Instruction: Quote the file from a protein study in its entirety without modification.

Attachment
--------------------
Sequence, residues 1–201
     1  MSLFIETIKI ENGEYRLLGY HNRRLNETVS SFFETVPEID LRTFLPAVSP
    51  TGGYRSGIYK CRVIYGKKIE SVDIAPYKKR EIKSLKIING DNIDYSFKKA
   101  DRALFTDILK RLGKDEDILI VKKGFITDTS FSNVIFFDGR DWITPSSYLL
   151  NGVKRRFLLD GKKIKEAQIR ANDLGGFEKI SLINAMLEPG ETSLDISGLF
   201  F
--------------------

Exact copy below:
Sequence, residues 1–201
     1  MSLFIETIKI ENGEYRLLGY HNRRLNETVS SFFETVPEID LRTFLPAVSP
    51  TGGYRSGIYK CRVIYGKKIE SVDIAPYKKR EIKSLKIING DNIDYSFKKA
   101  DRALFTDILK RLGKDEDILI VKKGFITDTS FSNVIFFDGR DWITPSSYLL
   151  NGVKRRFLLD GKKIKEAQIR ANDLGGFEKI SLINAMLEPG ETSLDISGLF
   201  F